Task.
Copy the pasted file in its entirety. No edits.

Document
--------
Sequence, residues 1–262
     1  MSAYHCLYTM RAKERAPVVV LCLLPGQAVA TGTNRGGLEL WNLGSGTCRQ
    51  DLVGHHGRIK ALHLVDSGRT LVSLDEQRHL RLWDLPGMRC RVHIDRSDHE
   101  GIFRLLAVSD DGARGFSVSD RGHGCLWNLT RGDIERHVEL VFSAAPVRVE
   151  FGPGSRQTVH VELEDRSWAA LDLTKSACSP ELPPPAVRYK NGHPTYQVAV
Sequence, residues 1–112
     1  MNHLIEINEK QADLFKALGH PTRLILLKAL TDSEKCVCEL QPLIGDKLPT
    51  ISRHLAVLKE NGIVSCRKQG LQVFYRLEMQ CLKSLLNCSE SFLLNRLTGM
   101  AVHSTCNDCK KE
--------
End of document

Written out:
Sequence, residues 1–262
     1  MSAYHCLYTM RAKERAPVVV LCLLPGQAVA TGTNRGGLEL WNLGSGTCRQ
    51  DLVGHHGRIK ALHLVDSGRT LVSLDEQRHL RLWDLPGMRC RVHIDRSDHE
   101  GIFRLLAVSD DGARGFSVSD RGHGCLWNLT RGDIERHVEL VFSAAPVRVE
   151  FGPGSRQTVH VELEDRSWAA LDLTKSACSP ELPPPAVRYK NGHPTYQVAV
Sequence, residues 1–112
     1  MNHLIEINEK QADLFKALGH PTRLILLKAL TDSEKCVCEL QPLIGDKLPT
    51  ISRHLAVLKE NGIVSCRKQG LQVFYRLEMQ CLKSLLNCSE SFLLNRLTGM
   101  AVHSTCNDCK KE